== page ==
Wouldn’t it be a perfect world if we never had to obsess over what we eat or how much we exercise? What if we could design a life where maintaining a happy life and healthy weight were effects of an environment we created for ourselves? 
What we can learn from the world's blue zones | Zen & Spice
Good news! We actually can re-structure our environment to be more conducive to better health. Have you heard of the Blue Zones? 

The Blue Zones are locations on the planet that live the longest, healthiest lives.  The people who inhabit the Blue Zones have common lifestyle characteristics that contribute to their long lives– the blue zones are in cities in Italy, Japan (some of the longest living people in the world), California, Costa Rica and Greece. One of the traits they all have in common is a sense of community and balance.  Let’s take these observations about these long living people and try to really learn from them. 

  • Family – put ahead of other concerns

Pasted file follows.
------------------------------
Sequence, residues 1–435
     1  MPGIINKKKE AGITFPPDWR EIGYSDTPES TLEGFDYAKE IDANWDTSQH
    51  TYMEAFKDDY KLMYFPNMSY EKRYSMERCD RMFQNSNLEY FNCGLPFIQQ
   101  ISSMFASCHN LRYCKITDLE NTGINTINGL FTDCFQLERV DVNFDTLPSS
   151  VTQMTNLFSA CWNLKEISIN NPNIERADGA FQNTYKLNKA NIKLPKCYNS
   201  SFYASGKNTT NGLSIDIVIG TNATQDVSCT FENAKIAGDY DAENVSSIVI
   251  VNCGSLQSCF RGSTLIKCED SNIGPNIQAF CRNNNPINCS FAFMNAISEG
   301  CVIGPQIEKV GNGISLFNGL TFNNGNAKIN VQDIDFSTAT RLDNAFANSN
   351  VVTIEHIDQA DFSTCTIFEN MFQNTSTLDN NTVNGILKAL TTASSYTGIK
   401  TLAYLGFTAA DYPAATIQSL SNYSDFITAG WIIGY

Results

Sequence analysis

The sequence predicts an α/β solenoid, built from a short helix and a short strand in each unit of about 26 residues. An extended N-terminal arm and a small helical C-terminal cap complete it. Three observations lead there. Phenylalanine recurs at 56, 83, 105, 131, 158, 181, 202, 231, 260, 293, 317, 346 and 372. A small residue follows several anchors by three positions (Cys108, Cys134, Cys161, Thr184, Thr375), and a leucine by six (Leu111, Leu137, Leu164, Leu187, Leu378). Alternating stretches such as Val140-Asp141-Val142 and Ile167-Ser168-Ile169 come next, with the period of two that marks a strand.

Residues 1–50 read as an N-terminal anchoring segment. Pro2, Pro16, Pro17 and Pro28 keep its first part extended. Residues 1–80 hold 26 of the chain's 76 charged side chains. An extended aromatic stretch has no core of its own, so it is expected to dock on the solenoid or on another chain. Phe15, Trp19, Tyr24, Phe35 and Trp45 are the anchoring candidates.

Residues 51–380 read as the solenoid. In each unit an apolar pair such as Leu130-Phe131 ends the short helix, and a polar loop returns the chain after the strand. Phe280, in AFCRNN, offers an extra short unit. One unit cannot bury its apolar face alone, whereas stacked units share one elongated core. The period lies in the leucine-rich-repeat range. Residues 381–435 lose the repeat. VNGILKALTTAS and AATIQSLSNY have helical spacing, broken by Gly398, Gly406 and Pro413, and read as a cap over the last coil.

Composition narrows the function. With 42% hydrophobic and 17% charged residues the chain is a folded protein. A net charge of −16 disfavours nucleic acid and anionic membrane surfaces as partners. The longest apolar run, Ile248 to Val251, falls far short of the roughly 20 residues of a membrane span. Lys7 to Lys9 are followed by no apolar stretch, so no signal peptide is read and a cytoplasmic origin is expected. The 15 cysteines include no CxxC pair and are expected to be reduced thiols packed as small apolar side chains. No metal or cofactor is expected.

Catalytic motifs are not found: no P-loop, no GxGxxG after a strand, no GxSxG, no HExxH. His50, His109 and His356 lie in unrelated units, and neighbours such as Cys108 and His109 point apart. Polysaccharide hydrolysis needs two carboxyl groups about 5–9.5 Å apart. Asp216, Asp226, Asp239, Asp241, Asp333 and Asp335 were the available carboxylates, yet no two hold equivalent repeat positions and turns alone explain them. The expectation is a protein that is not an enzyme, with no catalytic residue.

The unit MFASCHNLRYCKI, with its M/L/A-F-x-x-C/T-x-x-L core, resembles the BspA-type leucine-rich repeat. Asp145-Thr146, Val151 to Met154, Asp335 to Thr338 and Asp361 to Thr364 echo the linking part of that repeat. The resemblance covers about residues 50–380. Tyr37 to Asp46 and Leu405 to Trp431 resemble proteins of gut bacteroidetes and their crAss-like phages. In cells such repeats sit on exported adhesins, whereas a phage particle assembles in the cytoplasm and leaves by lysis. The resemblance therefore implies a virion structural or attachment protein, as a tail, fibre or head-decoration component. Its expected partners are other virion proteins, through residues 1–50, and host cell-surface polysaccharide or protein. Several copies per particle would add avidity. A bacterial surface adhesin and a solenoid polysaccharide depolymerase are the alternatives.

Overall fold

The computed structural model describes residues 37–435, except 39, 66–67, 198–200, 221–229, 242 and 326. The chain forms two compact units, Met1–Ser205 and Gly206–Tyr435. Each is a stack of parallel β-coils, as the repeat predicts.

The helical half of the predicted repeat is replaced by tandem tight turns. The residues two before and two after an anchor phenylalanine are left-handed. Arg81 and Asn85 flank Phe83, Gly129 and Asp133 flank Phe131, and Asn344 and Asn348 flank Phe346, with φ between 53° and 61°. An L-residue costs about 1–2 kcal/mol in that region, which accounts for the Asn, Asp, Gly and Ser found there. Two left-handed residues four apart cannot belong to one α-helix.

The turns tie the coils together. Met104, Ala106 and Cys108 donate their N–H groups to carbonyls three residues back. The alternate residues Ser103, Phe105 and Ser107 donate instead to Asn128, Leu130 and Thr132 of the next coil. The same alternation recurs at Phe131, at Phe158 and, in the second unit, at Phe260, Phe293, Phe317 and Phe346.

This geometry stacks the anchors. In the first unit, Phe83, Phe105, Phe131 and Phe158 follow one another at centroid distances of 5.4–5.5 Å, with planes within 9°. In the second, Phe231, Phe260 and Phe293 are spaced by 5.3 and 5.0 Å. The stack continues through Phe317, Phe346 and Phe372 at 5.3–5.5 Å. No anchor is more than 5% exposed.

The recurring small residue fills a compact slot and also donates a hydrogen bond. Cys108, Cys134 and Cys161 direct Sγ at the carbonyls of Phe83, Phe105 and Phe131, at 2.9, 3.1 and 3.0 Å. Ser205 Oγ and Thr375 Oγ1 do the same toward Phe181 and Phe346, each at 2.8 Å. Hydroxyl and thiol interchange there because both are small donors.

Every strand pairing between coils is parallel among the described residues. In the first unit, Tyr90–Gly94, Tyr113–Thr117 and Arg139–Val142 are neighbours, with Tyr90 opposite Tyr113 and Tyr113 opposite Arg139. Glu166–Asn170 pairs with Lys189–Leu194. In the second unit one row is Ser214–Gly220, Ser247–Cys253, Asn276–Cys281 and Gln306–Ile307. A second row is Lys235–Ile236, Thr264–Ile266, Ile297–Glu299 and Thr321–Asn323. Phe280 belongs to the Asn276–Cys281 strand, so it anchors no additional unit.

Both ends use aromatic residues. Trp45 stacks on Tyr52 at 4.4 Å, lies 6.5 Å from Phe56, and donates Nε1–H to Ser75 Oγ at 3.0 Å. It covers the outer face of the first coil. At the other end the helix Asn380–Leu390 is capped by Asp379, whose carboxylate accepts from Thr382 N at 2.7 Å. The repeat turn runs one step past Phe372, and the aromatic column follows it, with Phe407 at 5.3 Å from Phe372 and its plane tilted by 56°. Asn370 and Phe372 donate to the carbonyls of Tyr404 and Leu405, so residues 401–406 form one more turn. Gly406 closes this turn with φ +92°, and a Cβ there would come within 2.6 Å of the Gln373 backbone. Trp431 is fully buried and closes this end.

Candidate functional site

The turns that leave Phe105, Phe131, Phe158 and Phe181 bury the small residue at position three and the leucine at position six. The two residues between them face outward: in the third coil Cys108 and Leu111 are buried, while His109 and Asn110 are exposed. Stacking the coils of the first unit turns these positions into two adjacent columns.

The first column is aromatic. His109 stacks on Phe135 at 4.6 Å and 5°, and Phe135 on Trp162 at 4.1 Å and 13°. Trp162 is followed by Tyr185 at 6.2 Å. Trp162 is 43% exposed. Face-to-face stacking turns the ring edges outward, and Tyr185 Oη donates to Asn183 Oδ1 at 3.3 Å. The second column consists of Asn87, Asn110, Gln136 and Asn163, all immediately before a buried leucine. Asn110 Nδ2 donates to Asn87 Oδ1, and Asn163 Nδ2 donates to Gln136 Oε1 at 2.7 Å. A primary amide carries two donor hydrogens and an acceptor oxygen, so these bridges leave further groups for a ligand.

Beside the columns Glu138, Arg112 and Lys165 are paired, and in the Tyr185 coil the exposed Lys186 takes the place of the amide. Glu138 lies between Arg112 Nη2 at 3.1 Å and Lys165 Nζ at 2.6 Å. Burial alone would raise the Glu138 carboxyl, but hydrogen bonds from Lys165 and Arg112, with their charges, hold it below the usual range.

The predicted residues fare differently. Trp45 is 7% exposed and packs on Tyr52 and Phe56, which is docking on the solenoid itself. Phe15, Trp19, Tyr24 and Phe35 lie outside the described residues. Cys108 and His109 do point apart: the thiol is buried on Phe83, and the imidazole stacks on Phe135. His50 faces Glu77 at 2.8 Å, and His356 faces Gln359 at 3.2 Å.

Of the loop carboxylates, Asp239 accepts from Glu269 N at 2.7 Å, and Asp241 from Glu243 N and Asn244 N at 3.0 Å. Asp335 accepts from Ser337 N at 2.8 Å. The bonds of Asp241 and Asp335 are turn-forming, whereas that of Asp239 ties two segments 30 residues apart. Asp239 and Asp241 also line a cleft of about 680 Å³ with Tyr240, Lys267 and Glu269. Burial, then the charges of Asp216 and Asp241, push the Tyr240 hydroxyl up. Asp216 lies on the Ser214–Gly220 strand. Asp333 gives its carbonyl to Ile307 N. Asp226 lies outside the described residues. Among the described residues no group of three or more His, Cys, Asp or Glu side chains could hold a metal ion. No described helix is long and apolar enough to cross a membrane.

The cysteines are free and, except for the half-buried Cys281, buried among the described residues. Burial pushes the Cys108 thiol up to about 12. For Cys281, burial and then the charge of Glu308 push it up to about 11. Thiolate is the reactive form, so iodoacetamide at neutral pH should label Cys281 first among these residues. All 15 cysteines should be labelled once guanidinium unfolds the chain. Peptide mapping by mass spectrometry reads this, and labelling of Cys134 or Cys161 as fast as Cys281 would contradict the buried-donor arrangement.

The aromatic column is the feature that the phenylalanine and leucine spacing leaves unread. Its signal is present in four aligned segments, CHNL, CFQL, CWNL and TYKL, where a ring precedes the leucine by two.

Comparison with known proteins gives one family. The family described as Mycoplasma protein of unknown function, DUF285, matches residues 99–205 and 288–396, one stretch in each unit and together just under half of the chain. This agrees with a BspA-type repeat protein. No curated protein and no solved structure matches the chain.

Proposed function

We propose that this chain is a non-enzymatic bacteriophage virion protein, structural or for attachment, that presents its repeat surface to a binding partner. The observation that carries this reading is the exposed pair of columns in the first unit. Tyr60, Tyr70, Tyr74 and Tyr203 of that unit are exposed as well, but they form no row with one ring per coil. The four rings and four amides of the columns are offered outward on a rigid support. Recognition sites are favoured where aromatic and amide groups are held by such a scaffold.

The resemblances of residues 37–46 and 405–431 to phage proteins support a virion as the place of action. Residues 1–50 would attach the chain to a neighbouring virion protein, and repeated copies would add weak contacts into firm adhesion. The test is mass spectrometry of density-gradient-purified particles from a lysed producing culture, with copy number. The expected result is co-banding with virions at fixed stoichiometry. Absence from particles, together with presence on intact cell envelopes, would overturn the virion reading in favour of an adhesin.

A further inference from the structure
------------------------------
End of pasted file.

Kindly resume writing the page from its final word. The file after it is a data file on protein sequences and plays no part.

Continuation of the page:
• Less smoking
  • Semi-vegetarianism – except for the Sardinian diet, the majority of food consumed is derived from plants
  • Legumes – commonly consumed
  • Moderate calorie and moderate alcohol intake, especially wine
  • Constant moderate physical activity – an inseparable part of life
  • Social engagement – people of all ages are socially active and integrated into their communities
  • A sense of life purpose
  • Engagement in spirituality or religion 
A Blue Zone experiment was done here in the US in a small town in Minnesota. Opportunities to become healthier were weaved into the fabric of the community. Residents were encouraged to use smaller plates and move the junk food up to hard to reach places. Grocery stores and business displayed healthy snacks and restaurants added healthy options to their menus. The town even designed a sidewalk loop around the lake and encouraged kids to walk to school.